Hoisting the sales

Upfront buys percolate

Fox, NBC and CBS have completed close to half of their advance sales of airtime for the coming TV season, while ABC is still sitting on the sidelines.

News Corp. president and chief operating officer Peter Chernin told investors at the Deutsche Bank Media Conference in Santa Monica that Fox had sold 70% of its inventory offered for upfront ad commitments this year.

He predicted Fox would exceed the $1.6 billion in upfront dollars the network booked last year, with CPM, or cost per thousand, rate increases of 2%-3%.

He said he believes CBS and NBC are in “similar positions” in terms of the amount of inventory sold.

CBS Corp. CEO Leslie Moonves did not dispute Chernin’s assessment. “We are very pleased with the progress we’re making,” he said at the confab. “I would basically concur with what Peter said.”

Moonves indicated that the Eye had not yet reached the 70% benchmark.

Other sources said NBC is closer to 40% sold.

Fox sells 15 hours of network programming a week, while CBS, NBC and ABC sell 22 hours.

In a presentation to analysts, Chernin offered a robust assessment of Fox’s upfront, driven by hits including “House” and “American Idol.”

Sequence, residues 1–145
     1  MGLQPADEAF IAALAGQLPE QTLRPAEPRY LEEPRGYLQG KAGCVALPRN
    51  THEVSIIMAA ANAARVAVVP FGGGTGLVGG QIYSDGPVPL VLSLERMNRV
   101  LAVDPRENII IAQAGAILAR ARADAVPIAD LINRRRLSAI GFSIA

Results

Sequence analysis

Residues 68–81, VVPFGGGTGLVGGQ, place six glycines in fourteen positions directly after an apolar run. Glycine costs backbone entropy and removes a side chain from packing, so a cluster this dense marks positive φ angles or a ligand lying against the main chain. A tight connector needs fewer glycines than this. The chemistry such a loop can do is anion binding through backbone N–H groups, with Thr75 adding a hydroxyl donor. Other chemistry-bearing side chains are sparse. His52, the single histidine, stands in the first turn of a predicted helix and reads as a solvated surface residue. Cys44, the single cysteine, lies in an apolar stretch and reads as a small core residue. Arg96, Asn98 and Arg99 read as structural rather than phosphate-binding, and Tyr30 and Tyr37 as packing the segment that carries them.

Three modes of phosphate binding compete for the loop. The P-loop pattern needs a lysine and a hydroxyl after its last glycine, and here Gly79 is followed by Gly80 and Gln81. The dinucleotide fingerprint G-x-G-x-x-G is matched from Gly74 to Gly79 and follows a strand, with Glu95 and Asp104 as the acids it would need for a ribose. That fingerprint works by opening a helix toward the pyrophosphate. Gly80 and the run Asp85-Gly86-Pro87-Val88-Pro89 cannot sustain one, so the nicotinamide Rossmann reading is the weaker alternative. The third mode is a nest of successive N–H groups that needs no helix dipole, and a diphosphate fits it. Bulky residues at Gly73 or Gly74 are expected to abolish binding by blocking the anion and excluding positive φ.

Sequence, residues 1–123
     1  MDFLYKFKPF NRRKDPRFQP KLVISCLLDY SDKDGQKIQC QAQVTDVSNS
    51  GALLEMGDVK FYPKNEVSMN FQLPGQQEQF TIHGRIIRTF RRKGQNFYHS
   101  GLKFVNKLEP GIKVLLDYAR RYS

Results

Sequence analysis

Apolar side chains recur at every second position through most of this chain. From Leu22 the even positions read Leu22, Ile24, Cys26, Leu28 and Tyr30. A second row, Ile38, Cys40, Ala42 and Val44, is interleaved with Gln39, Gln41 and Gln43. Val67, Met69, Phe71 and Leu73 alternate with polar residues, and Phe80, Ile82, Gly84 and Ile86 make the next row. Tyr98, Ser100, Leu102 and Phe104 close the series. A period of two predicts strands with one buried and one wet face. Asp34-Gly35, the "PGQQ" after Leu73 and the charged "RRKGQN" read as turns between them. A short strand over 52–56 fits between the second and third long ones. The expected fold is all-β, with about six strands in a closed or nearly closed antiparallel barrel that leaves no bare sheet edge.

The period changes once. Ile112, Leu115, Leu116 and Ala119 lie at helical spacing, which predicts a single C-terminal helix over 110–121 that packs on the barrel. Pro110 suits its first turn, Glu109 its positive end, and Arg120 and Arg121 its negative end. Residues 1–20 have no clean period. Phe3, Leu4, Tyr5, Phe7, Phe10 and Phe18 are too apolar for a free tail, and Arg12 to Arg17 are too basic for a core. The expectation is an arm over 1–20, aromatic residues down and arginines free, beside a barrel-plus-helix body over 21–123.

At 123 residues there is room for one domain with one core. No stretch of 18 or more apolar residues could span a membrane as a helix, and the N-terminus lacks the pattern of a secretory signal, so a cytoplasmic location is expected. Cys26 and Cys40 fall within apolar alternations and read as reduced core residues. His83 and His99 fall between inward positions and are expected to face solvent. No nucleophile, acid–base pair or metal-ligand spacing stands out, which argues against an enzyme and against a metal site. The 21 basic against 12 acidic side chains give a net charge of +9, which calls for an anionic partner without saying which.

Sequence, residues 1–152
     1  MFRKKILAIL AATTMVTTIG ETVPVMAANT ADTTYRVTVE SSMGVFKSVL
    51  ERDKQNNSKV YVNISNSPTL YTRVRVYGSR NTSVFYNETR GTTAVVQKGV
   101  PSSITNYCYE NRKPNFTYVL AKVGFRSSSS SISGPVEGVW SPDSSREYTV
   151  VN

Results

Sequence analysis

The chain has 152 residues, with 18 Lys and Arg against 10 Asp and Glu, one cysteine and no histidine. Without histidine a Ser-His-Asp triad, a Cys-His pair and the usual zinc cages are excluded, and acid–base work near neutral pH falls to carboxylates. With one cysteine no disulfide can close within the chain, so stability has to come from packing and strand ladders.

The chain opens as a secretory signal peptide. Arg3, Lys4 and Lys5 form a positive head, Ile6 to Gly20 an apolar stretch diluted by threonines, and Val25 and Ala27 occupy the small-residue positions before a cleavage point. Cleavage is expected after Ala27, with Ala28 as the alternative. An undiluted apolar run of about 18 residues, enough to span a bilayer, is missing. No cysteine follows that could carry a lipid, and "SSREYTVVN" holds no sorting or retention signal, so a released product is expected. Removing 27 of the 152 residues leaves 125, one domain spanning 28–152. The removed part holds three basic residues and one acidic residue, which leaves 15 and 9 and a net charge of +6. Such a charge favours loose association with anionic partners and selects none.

Rather than push for larger increases, Chernin said Fox’s strategy going into the upfront has been to “go for volume.”

But he said booking quick sales won’t take a toll on rate increases, which he expects to be higher than any net except the Alphabet net.

“There is no question in my mind that we will have greater CPM increases than anyone but ABC, despite what anyone tells you,” Chernin said.

NBC still has the highest ad rates, a remnant of its one-time dominance in the 18-49 demographic. Chernin said NBC still garners ad rates of about $30 per thousand viewers, as does Fox.

CBS, he said, has rates 10% lower than Fox, with ABC’s about 10% lower than CBS.

“My guess is you will see the largest CPM increases on ABC because they had a good year and are on a much lower CPM basis than everyone else,” Chernin added.

ABC had initially held out to try to force the advertising community to add into the ratings viewers who watch recorded shows on DVRs.

Now it’s holding out for higher ad rates for hits such as “Desperate Housewives” and “Grey’s Anatomy.”

Walt Disney Co. chief financial officer Tom Staggs said ABC’s upfront sales had been “slow to develop” compared with last year, when the Alphabet sold most of its inventory in a 48-hour period.

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